Cast: Shiang-chiyi Chen, Kang-sheng Lee, Yi Cheng Lee,
GRAND JURY PRIZE WINNER | VENICE 2013
Taiwan’s building boom is displacing and disenfranchising the inhabitants of Taipei, who scratch around to make ends meet, according to Tsai Ming Liang’s drama which divided the critics at its Venice premiere. It went on to win the GRAND JURY PRIZE. Some hail it as a masterpiece of social realism – each frame a lingering study of formal mastery playing out in an extended series of static images of despair and poverty that go to make up this non-narrative study of a poor family eking out an existence on the margins of the capital.
The opening scene – that lasts for nearly four minutes – is of a woman languidly brushing her hair as she sits on the edge of a bed in a room where two children lie sleeping. This is their home and the walls are dripping with floodwater from recent downpours. As the film continues its 138 minute running time, some of these shots of stillness will last for up to ten minutes. Another depicts their father, a human signpost who works on a busy intersection advertising property developments, holds up his placard against the dismal drizzle of another Godforsaken day. What emerges is a tragedy: a dysfunctional father unable to offer his family anything but suffering in this detrimental environment where their only nourishment appears to come from cabbages.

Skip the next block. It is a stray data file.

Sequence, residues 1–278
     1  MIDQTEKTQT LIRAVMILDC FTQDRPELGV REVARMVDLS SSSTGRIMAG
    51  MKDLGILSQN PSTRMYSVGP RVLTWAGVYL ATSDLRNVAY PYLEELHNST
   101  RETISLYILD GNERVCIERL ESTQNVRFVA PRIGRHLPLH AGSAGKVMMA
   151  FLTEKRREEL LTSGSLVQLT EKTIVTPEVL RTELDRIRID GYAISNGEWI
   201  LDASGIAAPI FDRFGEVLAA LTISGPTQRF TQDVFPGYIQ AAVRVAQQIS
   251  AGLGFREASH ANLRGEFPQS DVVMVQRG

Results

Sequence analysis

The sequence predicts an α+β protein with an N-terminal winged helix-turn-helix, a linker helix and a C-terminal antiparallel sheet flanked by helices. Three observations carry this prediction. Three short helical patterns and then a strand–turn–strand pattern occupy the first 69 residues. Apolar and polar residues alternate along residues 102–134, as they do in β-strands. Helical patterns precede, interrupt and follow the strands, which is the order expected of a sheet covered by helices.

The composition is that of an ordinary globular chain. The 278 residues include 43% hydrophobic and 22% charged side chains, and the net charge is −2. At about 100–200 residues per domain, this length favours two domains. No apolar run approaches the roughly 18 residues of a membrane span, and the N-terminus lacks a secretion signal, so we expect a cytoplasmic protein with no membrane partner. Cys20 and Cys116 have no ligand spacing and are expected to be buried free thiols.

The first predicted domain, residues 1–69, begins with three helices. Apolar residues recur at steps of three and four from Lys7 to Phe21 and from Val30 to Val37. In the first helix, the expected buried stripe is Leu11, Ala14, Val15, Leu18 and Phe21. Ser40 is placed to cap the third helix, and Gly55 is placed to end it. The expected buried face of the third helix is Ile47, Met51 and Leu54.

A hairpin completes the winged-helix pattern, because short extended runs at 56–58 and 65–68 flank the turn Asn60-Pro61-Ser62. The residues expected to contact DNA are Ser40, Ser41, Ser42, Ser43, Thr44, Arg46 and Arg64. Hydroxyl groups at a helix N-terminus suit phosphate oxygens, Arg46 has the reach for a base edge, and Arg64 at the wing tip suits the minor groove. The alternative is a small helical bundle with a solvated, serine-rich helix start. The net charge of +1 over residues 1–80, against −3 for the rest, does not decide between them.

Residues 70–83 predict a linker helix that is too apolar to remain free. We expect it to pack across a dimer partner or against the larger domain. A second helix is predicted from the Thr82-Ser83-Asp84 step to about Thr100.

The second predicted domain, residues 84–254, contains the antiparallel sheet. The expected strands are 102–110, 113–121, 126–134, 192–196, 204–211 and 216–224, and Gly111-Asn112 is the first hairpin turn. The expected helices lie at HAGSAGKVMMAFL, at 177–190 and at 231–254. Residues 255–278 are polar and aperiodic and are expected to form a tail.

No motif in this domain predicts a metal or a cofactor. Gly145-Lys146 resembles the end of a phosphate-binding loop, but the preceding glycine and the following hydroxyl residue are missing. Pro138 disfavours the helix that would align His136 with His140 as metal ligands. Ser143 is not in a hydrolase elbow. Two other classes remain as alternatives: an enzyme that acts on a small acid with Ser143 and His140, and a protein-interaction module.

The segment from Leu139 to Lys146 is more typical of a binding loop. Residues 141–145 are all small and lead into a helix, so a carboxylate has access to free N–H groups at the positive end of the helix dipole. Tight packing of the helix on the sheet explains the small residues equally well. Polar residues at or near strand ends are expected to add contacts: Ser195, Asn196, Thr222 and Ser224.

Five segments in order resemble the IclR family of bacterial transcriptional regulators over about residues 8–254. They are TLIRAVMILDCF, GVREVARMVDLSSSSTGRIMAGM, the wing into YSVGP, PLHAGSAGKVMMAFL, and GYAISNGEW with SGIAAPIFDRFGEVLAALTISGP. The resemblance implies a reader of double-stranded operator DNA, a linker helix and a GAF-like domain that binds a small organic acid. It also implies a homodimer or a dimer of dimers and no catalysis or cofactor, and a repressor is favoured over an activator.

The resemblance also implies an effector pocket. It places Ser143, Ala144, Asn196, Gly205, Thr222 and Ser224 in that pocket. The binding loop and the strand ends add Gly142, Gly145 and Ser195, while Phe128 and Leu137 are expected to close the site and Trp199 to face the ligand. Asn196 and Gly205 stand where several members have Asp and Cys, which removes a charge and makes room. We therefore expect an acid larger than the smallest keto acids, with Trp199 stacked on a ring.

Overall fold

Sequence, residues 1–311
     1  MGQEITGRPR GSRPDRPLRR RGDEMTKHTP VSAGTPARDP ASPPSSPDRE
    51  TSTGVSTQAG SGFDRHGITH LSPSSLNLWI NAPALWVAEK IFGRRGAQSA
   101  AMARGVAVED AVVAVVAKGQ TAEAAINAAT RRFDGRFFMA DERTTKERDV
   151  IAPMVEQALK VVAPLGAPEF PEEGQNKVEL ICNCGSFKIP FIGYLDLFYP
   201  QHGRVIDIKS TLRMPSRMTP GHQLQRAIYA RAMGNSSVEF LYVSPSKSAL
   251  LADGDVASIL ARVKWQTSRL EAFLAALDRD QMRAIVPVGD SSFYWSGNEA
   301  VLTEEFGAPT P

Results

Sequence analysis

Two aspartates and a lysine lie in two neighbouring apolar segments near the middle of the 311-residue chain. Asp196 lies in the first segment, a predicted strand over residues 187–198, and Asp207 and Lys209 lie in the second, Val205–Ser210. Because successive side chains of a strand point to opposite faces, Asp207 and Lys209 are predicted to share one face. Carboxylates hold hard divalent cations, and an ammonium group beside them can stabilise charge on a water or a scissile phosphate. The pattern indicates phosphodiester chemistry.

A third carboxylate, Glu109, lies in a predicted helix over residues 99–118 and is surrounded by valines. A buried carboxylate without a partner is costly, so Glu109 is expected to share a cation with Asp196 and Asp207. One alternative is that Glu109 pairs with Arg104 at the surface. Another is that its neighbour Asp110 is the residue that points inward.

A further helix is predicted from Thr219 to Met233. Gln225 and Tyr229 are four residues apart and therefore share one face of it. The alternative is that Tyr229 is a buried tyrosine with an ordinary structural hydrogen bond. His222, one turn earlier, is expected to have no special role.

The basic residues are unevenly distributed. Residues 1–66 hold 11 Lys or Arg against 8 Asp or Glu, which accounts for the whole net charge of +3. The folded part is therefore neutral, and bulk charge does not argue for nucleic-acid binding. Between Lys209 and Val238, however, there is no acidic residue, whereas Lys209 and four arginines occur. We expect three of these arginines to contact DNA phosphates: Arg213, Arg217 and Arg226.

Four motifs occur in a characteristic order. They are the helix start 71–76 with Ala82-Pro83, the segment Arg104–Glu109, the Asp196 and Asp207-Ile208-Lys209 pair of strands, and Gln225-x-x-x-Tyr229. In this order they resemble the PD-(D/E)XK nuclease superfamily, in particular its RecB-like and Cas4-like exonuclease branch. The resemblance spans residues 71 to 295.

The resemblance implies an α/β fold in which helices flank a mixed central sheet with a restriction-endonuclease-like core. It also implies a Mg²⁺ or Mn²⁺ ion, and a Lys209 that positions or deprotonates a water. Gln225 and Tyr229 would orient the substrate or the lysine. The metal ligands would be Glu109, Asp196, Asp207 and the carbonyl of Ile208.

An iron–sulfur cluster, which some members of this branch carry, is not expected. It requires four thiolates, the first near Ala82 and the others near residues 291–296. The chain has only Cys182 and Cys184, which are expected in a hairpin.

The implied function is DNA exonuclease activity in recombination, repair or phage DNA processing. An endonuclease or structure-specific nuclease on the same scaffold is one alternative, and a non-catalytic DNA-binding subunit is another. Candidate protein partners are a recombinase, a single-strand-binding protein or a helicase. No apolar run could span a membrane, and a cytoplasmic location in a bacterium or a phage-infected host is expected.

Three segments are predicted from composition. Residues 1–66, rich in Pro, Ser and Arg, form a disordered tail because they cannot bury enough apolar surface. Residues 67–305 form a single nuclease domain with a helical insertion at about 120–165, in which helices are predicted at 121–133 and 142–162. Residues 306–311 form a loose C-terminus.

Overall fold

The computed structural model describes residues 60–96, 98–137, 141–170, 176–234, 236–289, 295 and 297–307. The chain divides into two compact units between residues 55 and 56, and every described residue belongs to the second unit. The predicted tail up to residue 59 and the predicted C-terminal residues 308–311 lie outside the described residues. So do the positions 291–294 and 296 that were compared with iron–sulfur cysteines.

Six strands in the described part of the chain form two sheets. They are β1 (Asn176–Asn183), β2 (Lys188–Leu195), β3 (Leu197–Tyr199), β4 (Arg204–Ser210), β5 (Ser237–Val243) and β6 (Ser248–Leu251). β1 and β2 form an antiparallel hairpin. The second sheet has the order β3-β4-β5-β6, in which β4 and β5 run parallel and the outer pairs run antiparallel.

A critics’ film – STRAY DOGS will certainly appeal to the most ardent arthouse devotees of long, lingering shots and close-up footage but, be warned, it is a drama that requires perseverance, and the only message of hope that you can take away is that of the resilience of children, adapting to such a life and making up the next generation. MT
REVIEWED AT VENICE FILM FESTIVAL 2013 | ON GENERAL RELEASE FROM 8 MAY 2015